Features Friday, July 18, 2014 - 05:30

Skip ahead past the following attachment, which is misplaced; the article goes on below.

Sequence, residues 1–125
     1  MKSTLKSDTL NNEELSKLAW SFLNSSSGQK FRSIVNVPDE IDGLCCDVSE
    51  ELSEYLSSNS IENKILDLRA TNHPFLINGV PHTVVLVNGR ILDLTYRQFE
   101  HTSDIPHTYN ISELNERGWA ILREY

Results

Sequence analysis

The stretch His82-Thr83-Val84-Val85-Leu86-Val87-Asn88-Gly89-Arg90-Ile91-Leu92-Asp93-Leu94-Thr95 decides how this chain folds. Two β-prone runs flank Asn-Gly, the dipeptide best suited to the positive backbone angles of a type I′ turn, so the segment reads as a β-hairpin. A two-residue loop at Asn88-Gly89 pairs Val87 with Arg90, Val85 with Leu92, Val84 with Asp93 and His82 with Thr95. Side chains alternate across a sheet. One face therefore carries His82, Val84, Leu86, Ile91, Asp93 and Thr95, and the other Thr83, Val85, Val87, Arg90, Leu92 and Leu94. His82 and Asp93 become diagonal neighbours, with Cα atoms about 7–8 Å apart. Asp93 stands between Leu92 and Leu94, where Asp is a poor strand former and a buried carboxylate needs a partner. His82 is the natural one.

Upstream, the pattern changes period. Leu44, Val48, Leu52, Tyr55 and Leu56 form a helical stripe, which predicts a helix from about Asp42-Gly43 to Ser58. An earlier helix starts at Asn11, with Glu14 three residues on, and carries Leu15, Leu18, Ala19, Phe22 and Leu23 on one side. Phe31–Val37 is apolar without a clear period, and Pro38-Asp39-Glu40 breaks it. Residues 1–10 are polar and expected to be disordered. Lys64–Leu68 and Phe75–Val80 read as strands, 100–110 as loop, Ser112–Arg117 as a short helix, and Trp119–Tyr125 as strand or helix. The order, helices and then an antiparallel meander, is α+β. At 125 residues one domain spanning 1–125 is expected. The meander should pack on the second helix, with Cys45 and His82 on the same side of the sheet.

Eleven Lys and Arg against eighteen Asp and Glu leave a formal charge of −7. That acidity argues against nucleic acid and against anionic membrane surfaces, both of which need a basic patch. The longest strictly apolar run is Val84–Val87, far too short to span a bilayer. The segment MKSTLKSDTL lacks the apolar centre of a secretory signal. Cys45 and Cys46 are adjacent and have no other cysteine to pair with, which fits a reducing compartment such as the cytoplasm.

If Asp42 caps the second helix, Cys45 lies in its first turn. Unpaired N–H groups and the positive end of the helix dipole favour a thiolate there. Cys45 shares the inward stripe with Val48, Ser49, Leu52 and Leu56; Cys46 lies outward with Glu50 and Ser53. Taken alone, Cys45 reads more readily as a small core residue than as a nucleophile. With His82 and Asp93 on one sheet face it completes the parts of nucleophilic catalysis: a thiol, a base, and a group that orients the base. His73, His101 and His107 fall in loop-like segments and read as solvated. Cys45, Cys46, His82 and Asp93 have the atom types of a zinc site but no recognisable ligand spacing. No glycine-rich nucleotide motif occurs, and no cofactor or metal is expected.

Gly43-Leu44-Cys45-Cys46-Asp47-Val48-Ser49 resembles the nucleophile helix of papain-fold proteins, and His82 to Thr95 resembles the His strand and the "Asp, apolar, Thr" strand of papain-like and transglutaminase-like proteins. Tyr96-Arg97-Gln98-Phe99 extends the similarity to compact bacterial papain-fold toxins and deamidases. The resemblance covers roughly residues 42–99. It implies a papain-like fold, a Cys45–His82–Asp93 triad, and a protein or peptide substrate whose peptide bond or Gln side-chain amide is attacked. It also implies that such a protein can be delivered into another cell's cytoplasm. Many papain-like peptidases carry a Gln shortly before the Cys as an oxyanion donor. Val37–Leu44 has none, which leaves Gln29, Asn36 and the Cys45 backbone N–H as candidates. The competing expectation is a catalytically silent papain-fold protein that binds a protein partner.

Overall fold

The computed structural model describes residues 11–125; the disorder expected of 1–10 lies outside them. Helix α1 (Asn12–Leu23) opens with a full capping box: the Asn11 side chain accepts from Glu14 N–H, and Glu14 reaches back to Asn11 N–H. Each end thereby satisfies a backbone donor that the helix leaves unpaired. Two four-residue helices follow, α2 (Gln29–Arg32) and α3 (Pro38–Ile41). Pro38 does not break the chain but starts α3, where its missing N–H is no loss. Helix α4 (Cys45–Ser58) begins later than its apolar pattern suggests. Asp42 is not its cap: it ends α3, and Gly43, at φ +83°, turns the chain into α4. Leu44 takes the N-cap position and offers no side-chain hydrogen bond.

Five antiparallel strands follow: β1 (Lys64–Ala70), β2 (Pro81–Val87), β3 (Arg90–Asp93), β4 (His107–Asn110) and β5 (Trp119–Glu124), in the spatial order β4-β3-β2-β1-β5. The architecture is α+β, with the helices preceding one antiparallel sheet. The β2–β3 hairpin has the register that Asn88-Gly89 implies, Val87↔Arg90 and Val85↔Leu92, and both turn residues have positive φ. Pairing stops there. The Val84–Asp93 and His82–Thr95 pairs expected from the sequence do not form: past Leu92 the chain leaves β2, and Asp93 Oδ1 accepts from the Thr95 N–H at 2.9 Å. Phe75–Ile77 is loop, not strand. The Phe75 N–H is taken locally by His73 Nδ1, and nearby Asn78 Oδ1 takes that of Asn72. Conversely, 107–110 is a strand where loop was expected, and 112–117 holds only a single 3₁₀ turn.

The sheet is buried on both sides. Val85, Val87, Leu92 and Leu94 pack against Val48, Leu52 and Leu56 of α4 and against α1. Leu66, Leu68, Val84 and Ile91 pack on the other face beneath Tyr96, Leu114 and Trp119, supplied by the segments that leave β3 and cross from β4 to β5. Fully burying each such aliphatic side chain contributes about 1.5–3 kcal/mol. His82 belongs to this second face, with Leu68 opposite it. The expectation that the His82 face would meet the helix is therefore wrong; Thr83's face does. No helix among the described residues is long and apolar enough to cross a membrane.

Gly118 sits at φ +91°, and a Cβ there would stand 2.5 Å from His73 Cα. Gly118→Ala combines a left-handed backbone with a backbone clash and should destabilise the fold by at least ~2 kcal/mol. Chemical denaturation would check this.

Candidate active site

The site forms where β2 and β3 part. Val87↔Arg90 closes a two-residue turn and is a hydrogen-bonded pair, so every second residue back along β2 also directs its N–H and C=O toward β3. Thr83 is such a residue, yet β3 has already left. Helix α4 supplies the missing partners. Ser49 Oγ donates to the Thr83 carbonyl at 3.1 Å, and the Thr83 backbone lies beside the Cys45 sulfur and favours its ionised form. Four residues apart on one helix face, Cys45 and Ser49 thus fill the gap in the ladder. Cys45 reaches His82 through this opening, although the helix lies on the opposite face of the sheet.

The News Minute| July 7, 2014| 06:10 pm IST The United Nations Environment Programme convened its first Environmental Assembly in June, 2014 in Nairobi, Kenya. The assembly saw the release of ‘The Environment Crime Crisis’- a report on environmental crime. According to a Livemint report, environmental crime amounts to $213 billion globally. The news report highlights the nexus between environmental crime and terrorist and militia groups, that is, how the money from environmental crimes is used to finance the activities of these groups. The UN report makes a reference to Al-Qaeda’s involvement in environmental crimes in India, believed to be carried out by tribal militia and Bangladeshi separatists. It says that poaching is rampant in Kaziranga (Assam) and almost two dozen militant organizations are active in the region. Illegal timber trade is also believed to be financing the Al-Qaeda and Haqqani. Environmental crimes include poaching, killing and illegally trading in wildlife, both flora and fauna. The Convention on International Trade in Endangered Species prohibits the trade of 830 species and restricts trade of 33,000 species. In India, the Wildlife Protection Act (1972) provides protection to 1800 species. The news report suggests that it is not only wild animals like tiger and rhinoceros that are killed for their skin but also mammals and reptiles like pangolins, lizards, tortoises and turtles. Trade is also carried out in birds and sharks. The groups engaging in these crimes could be part of regional syndicates, says the report.

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